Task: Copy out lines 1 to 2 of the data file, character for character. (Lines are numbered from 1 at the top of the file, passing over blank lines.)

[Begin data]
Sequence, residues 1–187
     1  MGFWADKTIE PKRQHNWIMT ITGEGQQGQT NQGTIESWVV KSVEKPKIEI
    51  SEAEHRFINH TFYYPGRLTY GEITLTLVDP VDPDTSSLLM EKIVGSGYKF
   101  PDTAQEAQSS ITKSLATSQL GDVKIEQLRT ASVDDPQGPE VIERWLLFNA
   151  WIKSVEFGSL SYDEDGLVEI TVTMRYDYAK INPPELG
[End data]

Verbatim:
Sequence, residues 1–187
     1  MGFWADKTIE PKRQHNWIMT ITGEGQQGQT NQGTIESWVV KSVEKPKIEI